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Defining and Measuring Biodiversity Case Study


What is Biodiversity?

Biodiversity is the variability of life across all the living organisms found on earth. Within the ecological research, biodiversity forms the basis to which all the living organisms exist, especially about each other. A rich diversity means the capacity of the natural environment to have many living organisms to thrive (What is biodiversity?, 2016). The availability of many living organisms within an ecosystem enhances the capacity of nature to recuperate from climatic change.

The importance of biodiversity

Biodiversity is important because a rich blend of living organisms within an ecosystem allows the facilitation of processes such as purification of air, water, and soil. Whereas the natural environment loses too much of its diversity, chances are that the indigenous species and varieties of plants and animals would deplete. This affects the quality of air and water, thereby limiting the quality of life for humanity, plants, and animals (What is biodiversity?, 2016). Besides, the knowledge on biodiversity helps scholars to identify and understand the correlations between the different life forms on earth, thus inspires scientific research on improving the quality of biodiversity.

How biodiversity is measured

Biodiversity is measured in terms of attributes that explore the quality of nature; richness and evenness of the living organisms within an ecological niche. Whereas richness implies the quantities or clusters of genetically related individuals, evenness represents the proportionality of the functional groups found within an ecological niche (Principles of vegetation measurement & assessment, 2016). According to Purvis and Hector (2000), most vegetation surveys express richness in terms of the number of species or varieties found within an ecosystem. An ecosystem with low evenness, virtually, indicates that a few varieties or species are found in an ecosystem.

Extinction and what is causing it today

Extinction indicates an evolutionary process, which gradually leads to the deterioration of species of living organisms. When living organisms become extinct, they face a series of genetic heritage loss. Through evolution, species may change into other organisms in the process of adapting to gradual environmental alterations (The extinction crisis, 2016). Natural extinction is a biological process, which might not be misconstrued to mean a negative process that might be accepted as such. Changes in the natural environment might be unavoidable, and the living organisms tend to adapt to those changes to survive; this process is responsible for the extinction.

The Endangered Species Act

Passed in 1973, the Endangered Species Act is important legislation for conserving and protecting the species under threat as well as their habitats. By providing the international community with monetary aids and incentives to advance and maintain biodiversity, the Act offers a mechanism for safeguarding nature (Biodiversity, 2016).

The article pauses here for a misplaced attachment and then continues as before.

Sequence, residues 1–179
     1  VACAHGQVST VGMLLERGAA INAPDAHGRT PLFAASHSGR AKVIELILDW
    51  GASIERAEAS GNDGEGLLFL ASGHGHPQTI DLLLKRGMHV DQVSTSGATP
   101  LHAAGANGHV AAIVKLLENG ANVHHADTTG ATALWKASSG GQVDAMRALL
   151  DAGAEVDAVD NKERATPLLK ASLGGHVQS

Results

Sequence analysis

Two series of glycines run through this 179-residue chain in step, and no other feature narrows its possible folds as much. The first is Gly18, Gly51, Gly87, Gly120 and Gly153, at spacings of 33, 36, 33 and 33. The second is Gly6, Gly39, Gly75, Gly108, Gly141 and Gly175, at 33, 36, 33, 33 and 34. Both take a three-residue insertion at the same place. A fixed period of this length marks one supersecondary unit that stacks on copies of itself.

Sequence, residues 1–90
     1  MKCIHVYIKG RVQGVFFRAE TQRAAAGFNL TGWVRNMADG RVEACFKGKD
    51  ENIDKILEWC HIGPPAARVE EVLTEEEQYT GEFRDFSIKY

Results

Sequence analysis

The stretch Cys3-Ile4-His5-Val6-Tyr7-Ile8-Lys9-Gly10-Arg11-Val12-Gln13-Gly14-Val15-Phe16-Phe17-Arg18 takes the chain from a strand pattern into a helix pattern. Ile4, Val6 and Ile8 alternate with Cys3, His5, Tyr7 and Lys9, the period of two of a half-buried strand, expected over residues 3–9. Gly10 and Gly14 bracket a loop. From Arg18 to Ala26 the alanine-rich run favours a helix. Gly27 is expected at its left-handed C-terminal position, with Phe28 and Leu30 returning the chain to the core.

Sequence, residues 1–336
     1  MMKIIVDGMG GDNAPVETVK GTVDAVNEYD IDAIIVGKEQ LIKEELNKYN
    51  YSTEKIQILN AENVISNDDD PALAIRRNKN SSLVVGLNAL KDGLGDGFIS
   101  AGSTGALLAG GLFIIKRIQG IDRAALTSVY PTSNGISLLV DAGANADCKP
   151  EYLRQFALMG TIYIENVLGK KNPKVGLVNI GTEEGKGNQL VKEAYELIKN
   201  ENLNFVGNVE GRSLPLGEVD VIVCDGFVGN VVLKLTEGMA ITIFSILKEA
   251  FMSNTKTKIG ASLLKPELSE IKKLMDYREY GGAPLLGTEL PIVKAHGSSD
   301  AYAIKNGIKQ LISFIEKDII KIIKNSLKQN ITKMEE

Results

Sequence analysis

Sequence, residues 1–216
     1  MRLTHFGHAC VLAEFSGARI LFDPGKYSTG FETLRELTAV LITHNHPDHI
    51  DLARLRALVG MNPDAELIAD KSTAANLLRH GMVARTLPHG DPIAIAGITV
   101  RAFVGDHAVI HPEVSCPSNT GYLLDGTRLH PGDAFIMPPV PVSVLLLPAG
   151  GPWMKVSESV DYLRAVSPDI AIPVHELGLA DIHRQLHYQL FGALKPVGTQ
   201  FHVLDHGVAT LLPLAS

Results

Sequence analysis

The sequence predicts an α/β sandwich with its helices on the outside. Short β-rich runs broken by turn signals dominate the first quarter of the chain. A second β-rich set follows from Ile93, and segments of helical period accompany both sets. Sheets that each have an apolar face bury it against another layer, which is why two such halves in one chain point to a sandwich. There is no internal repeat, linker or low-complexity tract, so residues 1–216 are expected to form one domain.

Some of the most and least diverse species in my local area

Some of the most diverse species in my local area are birds, fish, and butterflies, while some of the least diverse species are palm plants, coral reef, amphibians, algae, cacti, and crustaceans. In my local mapping provided here below, species are grouped in terms of their richness and vastness within the map of the lie.

Local mapping

What I can do as an individual to help slow the loss of biodiversity

As an individual, I can do several things to help slow down the loss of biodiversity. Among these are practicing cover cropping, diversifying my garden, enhancing consumer consciousness, limiting pesticide use, and lobbying the government to lead the fight against habitat loss.

References

. (2016). Web.

Principles of vegetation measurement & assessment and ecological monitoring & analysis. (2016). Web.

Purvis, A. & Hector, A. (2000). . Web.

. (2016). Web.

What is biodiversity? (2016). Web.

Where in the world are frogs? (2016). Web.

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IvyPanda. (2020, October 9). Defining and Measuring Biodiversity. Retrieved from https://ivypanda.com/essays/defining-and-measuring-biodiversity/

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"Defining and Measuring Biodiversity." IvyPanda, 9 Oct. 2020, ivypanda.com/essays/defining-and-measuring-biodiversity/.

1. IvyPanda. "Defining and Measuring Biodiversity." October 9, 2020. https://ivypanda.com/essays/defining-and-measuring-biodiversity/.


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IvyPanda. "Defining and Measuring Biodiversity." October 9, 2020. https://ivypanda.com/essays/defining-and-measuring-biodiversity/.

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IvyPanda. 2020. "Defining and Measuring Biodiversity." October 9, 2020. https://ivypanda.com/essays/defining-and-measuring-biodiversity/.

References

IvyPanda. (2020) 'Defining and Measuring Biodiversity'. 9 October.

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